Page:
Argentina's President Macri on course for mid-term poll boost
EITAN ABRAMOVICH (AFP)
Argentina's President Mauricio Macri's center-right coalition was on course to win crucial mid-term elections Sunday and emerge with a strengthened hand to carry through pro-market economic reforms, according to partial results.
"It's an unforgettable day. Today we confirmed our commitment to change," a triumphant Macri told supporters in Buenos Aires.
Ex-president Cristina Kirchner took a seat in the Senate, despite trailing Macri candidate Esteban Bullrich in the key province of Buenos Aires, an area the size of Italy.
It marks a return to the political fray for the 64-year-old Kirchner and her new Unidad Ciudadana or "Citizen's Unity" party, and guarantees her parliamentary immunity from a string of corruption charges.
"We must be proud of this result. Unidad Ciudadana has emerged as the strongest opposition to this government," Kirchner told her supporters.
Macri's Cambiemos, or "Let's Change," coalition was leading in 14 of Argentina's 23 provinces, as well as in the capital Buenos Aires, according to partial results released by the central electoral authority late Sunday.
Sunday's vote, with an official turnout of 78 percent, was widely seen as a referendum on Macri after two years in office, in which he was seeking a mandate to further overhaul of an ailing G20 economy.
Macri has so far managed to push through a painful reform program with the help of allies, despite having only 87 seats in the 257-seat lower house of Congress and 15 of 72 senate seats.
Argentina's TN television projected Cambiemos to gain 21 seats to take their representation in Congress to 108, which would be enough to deprive the opposition of a two-thirds majority to block Macri's reforms, though still fall well short of an overall majority.
Aside from Buenos Aires province and city, Cambiemos candidates also polled strongly across the other major electoral centers -- Cordoba, Mendoza and Santa Fe.
Half of the Congress seats and a third of the Senate's were being contested in Sunday's vote.
Kirchner's campaign pitch has been to promise to "put the brakes on" Macri's cuts in tariffs on agricultural exports, deficit spending and loosening of labor laws.
Macri appealed to voters to "not return to the past," attacking his predecessor's populist policies.
"I voted for the government candidates. I'm far from being convinced but I voted Macri in 2015. The most important thing is that Kirchner doesn't come back," said teacher Sergio Peroti, 48, after voting in a school in the capital.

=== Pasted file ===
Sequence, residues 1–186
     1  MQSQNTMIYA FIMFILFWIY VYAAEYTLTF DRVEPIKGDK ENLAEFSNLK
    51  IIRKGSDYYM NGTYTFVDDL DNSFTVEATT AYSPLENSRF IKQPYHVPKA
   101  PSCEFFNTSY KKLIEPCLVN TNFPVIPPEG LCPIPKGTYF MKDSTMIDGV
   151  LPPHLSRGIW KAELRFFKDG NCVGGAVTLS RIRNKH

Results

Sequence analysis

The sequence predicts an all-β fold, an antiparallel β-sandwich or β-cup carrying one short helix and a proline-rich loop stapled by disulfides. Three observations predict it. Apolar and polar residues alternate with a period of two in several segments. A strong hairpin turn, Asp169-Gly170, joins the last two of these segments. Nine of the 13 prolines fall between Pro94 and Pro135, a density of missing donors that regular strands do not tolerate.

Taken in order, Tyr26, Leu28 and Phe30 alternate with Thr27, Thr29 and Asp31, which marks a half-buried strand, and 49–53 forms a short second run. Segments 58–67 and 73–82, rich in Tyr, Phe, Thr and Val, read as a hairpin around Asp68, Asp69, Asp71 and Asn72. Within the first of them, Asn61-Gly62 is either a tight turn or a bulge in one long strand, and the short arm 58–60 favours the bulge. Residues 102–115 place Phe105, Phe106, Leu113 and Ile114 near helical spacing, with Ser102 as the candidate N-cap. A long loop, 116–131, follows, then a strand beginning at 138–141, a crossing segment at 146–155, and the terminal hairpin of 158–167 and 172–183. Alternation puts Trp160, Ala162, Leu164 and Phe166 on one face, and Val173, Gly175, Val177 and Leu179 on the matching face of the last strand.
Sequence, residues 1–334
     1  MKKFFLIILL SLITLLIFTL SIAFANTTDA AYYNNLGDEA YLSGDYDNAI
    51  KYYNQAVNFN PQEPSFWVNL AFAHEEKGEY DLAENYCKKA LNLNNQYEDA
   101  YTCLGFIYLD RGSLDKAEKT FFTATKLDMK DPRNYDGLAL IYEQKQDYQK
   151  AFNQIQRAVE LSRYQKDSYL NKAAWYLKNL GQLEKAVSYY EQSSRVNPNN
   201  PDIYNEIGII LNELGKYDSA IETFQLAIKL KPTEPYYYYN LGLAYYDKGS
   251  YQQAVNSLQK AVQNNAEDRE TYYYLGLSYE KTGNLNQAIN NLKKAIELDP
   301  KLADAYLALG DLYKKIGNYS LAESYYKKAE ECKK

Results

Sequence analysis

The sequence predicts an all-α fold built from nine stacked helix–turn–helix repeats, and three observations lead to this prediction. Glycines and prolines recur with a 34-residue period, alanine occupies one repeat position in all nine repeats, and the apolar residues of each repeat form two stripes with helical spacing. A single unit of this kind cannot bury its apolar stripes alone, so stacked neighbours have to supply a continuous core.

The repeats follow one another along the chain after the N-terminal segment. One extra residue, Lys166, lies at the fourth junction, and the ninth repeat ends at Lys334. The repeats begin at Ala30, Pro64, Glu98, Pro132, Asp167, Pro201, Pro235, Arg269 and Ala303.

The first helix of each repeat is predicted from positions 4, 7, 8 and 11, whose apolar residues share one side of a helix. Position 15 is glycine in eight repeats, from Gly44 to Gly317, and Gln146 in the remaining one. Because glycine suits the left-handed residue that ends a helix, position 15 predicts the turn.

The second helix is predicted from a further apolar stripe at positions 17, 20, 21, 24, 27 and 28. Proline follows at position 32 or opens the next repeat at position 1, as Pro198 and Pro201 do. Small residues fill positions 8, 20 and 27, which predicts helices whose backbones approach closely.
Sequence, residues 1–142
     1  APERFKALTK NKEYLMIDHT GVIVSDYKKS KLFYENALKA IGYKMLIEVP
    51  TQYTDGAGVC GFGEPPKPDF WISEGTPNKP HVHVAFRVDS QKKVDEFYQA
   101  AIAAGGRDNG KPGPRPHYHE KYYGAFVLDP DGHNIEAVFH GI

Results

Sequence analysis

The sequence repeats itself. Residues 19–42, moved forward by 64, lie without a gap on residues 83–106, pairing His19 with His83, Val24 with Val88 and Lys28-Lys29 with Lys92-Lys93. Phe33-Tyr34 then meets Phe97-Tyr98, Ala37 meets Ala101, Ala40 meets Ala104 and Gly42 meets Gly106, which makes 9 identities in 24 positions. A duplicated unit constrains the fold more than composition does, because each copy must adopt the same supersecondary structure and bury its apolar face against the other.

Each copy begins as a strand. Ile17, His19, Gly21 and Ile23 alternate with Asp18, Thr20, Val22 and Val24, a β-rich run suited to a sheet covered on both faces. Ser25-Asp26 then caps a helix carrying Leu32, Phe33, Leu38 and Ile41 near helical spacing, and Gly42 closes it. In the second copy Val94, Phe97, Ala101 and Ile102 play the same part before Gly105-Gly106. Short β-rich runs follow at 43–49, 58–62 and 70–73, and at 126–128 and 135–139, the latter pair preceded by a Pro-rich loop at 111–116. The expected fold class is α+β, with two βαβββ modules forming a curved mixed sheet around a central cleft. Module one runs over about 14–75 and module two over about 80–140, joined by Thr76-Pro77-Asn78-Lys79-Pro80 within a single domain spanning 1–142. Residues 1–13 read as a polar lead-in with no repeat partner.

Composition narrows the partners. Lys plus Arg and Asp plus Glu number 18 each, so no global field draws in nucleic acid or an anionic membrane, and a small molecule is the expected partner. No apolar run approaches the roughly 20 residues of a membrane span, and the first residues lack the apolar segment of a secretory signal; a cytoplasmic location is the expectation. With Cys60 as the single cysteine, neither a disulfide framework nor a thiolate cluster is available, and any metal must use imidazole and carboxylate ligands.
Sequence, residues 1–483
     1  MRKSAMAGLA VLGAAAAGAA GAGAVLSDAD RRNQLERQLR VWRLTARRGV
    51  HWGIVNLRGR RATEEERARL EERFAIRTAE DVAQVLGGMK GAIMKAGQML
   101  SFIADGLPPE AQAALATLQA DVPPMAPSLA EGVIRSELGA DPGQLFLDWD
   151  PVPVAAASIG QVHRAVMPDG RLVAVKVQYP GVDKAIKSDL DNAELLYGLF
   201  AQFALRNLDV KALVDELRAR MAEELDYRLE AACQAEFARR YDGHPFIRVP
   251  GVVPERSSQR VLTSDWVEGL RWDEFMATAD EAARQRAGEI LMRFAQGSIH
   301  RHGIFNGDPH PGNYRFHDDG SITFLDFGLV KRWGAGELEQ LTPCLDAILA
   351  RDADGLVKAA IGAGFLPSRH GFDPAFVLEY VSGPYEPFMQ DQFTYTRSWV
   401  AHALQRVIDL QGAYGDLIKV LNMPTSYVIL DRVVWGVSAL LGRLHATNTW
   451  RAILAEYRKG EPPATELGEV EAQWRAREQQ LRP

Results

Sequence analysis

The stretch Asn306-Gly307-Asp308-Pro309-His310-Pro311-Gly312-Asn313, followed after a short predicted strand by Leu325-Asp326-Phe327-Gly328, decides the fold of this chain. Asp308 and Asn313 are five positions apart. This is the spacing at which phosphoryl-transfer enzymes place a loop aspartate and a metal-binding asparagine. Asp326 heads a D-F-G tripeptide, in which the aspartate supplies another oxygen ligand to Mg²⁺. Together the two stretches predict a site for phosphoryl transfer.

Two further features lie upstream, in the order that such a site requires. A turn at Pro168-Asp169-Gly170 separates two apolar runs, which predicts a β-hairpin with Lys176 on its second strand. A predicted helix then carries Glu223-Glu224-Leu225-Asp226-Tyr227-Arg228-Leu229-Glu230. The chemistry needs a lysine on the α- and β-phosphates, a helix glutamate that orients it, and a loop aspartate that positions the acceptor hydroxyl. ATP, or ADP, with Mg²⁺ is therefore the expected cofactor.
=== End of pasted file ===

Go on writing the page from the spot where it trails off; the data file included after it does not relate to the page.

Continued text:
Macri's Cambiemos is an alliance of parties of the right, center-right and social democrats of the historic Radical Civic Union.
Despite not having a legislative majority, Macri has been able to get laws passed by striking deals with Kirchner's enemies in the Peronist movement and with governors who depend on federal funds to finance their budgets.
Macri's first year in office was marked by a 30 percent devaluation of the national currency and a 2.3 percent contraction of the economy.
But the economy has begun to recover, posting 1.6 percent growth in the first half of the year.
However, growth remains below the levels reached before 2010 under the back-to-back husband-and-wife governments of Nestor and Cristina Kirchner, in power from 2003 to 2015.
Macri has gained support for his economic reforms from the United States, the European Union and international lending institutions. He was showered with praise at a recent forum of Argentine business leaders.
Macri is an engineer by profession from a wealthy family that founded a business empire. His launching pad into politics was his chairmanship of the Boca Juniors football club, which won numerous local and international titles under his leadership.
Kirchner, on the other hand, is a former militant in the most combative Peronist factions during the difficult 1970s, when the country was run by a repressive military dictatorship. Her politics moderated with the return of democracy in Argentina.
She has been prosecuted for alleged corruption in office, but she insists she is the victim of political persecution.
Macri also has faced accusations stemming from the "Panama Papers" scandal, which revealed the rich and powerful's use of offshore accounts to secretly move money and evade taxes. But the complaint against him was quickly dismissed.
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